One traffic technology improvement in early 2017 was the initial operation of a four-way traffic signal on Church Hill Road at its intersection with The Boulevard and a commercial driveway for new development at 32 Church Hill Road. Boulevard area residents had long complained about the difficulties of exiting that street amid poor sight lines to enter the congested Church Hill Road.
In April, the police department’s German shepherd named Saint Michael died following an illness. In June, Newtown Kennel Club donated $15,000 to acquire a new dog and cover training-related costs. Late in the year, the new German shepherd known as Aris had been fully trained and was in service with K-9 Officer Felicia Figol.
During the year, police intermittently investigated criminal incidents in which unlocked vehicles with their ignition keys left inside them were stolen overnight from outside residents’ homes. In other cases, thieves simply kept trying vehicles’ doors until they found unlocked vehicles which they then rifled for any valuables left inside that could be stolen quickly and silently.
Police have repeatedly urged residents to keep their unattended vehicles locked, and not to leave any valuables, including keys, within the vehicles as deterrents to illegal entry and theft.
In February, the Board of Fire Commissioners appointed Rich Frampton as the town fire marshal, naming him the local official in charge of fire safety and fire investigations. Mr Frampton had served as the acting fire marshal since November 2016, when Bill Halstead retired from the fire marshal position. Mr Frampton had served as the town’s full-time deputy fire marshal under Mr Halstead for many years.
Also, board members promoted Steve Murphy, appointing him as the town’s full-time deputy fire marshal/fire administrator. Mr Murphy formerly served as one of the town’s part-time deputy fire marshals.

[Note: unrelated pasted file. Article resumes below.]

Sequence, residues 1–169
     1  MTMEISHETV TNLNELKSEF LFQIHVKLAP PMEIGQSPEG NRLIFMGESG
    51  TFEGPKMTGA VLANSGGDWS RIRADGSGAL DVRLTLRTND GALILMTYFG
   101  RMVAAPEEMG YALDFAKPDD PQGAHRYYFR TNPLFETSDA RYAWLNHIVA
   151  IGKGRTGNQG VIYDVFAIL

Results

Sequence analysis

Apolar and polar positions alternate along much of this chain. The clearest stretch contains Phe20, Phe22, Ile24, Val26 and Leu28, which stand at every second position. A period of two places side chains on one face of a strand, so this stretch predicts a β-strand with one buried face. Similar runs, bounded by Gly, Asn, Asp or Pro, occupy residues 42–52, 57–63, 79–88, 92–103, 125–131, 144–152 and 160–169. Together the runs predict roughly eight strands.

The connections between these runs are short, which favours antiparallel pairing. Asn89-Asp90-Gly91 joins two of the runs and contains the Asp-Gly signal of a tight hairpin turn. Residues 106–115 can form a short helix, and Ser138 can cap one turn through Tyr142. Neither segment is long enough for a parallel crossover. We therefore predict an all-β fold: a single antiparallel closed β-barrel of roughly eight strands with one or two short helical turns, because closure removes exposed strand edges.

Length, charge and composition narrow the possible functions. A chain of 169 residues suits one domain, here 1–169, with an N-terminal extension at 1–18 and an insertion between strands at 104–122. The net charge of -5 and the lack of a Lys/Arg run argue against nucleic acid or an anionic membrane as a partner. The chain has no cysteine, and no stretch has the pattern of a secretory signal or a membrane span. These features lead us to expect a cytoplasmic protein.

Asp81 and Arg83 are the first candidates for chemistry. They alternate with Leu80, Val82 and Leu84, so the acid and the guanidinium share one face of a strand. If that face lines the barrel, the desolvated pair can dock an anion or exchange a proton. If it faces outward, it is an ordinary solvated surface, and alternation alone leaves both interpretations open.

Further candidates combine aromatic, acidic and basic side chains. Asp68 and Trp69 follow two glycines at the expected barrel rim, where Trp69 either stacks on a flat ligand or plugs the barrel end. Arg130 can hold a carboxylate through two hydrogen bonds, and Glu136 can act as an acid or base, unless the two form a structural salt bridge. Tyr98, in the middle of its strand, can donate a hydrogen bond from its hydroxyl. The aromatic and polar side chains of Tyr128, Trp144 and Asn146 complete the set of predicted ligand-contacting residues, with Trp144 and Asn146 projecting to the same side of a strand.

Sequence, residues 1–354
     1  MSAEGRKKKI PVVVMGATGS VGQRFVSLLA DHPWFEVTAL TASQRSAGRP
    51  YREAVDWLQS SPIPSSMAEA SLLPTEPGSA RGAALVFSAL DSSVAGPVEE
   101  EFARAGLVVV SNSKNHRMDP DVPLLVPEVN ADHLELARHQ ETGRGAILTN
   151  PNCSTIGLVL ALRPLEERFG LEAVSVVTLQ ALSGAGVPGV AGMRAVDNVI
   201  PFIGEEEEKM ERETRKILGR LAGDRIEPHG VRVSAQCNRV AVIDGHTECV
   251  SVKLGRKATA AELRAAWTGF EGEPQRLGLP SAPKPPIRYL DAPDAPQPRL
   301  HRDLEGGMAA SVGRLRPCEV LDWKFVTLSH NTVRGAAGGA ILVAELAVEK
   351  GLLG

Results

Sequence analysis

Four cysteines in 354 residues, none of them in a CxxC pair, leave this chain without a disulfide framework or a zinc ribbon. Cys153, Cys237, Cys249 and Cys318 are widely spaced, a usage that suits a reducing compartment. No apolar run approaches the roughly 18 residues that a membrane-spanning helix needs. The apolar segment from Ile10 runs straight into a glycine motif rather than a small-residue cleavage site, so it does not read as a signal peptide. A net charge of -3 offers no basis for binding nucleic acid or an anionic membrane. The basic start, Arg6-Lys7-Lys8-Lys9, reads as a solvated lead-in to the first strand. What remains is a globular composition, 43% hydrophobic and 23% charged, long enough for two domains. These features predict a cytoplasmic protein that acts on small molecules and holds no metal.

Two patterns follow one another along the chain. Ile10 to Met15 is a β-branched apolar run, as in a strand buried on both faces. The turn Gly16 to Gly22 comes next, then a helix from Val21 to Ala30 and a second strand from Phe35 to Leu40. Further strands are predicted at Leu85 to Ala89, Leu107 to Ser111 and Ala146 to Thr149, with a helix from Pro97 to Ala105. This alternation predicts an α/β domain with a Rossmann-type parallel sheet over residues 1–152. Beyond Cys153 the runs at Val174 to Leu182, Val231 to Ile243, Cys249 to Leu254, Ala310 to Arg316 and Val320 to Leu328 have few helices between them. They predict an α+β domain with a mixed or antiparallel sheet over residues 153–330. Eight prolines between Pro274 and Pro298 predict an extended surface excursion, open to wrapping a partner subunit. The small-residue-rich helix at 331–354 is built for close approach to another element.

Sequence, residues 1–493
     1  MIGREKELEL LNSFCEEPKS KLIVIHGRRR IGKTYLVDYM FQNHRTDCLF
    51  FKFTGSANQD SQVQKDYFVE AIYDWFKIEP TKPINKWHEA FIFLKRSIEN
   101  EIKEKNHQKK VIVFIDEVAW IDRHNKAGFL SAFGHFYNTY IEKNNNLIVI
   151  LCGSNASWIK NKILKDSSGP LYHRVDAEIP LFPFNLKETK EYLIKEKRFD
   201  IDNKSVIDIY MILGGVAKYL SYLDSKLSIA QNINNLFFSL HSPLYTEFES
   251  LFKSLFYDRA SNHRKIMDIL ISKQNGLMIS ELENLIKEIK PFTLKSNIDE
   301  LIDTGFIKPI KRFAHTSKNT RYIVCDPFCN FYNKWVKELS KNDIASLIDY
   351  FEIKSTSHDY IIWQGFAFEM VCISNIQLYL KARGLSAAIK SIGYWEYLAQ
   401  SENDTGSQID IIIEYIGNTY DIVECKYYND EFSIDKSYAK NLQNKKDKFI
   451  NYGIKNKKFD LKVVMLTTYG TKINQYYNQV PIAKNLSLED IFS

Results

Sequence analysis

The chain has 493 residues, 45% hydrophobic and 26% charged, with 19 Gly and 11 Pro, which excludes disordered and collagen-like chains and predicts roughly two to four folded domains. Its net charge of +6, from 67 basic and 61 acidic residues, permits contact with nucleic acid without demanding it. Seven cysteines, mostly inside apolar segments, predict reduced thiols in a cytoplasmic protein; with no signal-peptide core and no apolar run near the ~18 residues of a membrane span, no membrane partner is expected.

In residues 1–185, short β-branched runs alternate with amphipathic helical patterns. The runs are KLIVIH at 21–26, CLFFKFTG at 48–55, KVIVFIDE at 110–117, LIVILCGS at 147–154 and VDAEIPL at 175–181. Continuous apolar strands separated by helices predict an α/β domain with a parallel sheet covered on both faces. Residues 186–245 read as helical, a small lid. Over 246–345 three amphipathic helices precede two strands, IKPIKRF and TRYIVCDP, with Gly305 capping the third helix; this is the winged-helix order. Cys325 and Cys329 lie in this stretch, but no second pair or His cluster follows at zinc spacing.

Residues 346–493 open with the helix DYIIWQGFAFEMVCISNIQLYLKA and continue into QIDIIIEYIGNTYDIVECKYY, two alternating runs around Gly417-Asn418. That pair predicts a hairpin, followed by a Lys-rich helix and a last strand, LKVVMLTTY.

The town fire marshal office’s basic duties involve the enforcement of all fire safety codes. Work includes reviewing construction plans for compliance with those fire safety codes. The staff issues permits for blasting and for open burning. The staff also formally observes the removal of underground fuel storage tanks. The fire marshals also inspect all gasoline filling stations and inspect all local buildings, other than one-family and two-family residences.
In April, Sandy Hook Volunteer Fire & Rescue Company acquired a new rescue truck, a key piece of firefighting apparatus firefighters use when responding to motor vehicle accidents, medical calls, and structure fires.
The custom-built vehicle, known as Rescue 444, which cost the fire company $628,000, was fabricated by Rescue 1 of Manasquan, N.J. Sandy Hook’s former rescue truck, which the fire company used for 20 years, was sold to a Kentucky fire company.
Hawleyville Volunteer Fire Company bought a 2018 Chevrolet Tahoe that it put into service in December as the company’s new command car. The vehicle, which is stocked with emergency equipment, responds to emergency calls quickly, with its driver serving as a scout and reporting back to fire company members on the scope of an emergency.